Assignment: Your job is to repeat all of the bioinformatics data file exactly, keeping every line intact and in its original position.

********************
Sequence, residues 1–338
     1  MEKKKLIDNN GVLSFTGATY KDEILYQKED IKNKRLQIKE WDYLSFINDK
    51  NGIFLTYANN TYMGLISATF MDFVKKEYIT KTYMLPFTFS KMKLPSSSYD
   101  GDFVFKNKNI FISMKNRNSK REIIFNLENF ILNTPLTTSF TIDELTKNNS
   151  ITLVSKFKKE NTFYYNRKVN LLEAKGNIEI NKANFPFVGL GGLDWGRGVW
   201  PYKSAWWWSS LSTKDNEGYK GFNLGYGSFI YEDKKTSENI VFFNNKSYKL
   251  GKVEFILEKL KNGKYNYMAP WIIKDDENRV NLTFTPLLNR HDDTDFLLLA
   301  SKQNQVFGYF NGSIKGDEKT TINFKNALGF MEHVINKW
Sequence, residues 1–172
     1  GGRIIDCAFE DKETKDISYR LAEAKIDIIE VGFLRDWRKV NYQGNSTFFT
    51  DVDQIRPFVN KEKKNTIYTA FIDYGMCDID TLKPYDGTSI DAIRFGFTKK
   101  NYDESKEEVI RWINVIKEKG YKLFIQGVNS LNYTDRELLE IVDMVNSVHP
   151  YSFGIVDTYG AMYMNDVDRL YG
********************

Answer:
Sequence, residues 1–338
     1  MEKKKLIDNN GVLSFTGATY KDEILYQKED IKNKRLQIKE WDYLSFINDK
    51  NGIFLTYANN TYMGLISATF MDFVKKEYIT KTYMLPFTFS KMKLPSSSYD
   101  GDFVFKNKNI FISMKNRNSK REIIFNLENF ILNTPLTTSF TIDELTKNNS
   151  ITLVSKFKKE NTFYYNRKVN LLEAKGNIEI NKANFPFVGL GGLDWGRGVW
   201  PYKSAWWWSS LSTKDNEGYK GFNLGYGSFI YEDKKTSENI VFFNNKSYKL
   251  GKVEFILEKL KNGKYNYMAP WIIKDDENRV NLTFTPLLNR HDDTDFLLLA
   301  SKQNQVFGYF NGSIKGDEKT TINFKNALGF MEHVINKW
Sequence, residues 1–172
     1  GGRIIDCAFE DKETKDISYR LAEAKIDIIE VGFLRDWRKV NYQGNSTFFT
    51  DVDQIRPFVN KEKKNTIYTA FIDYGMCDID TLKPYDGTSI DAIRFGFTKK
   101  NYDESKEEVI RWINVIKEKG YKLFIQGVNS LNYTDRELLE IVDMVNSVHP
   151  YSFGIVDTYG AMYMNDVDRL YG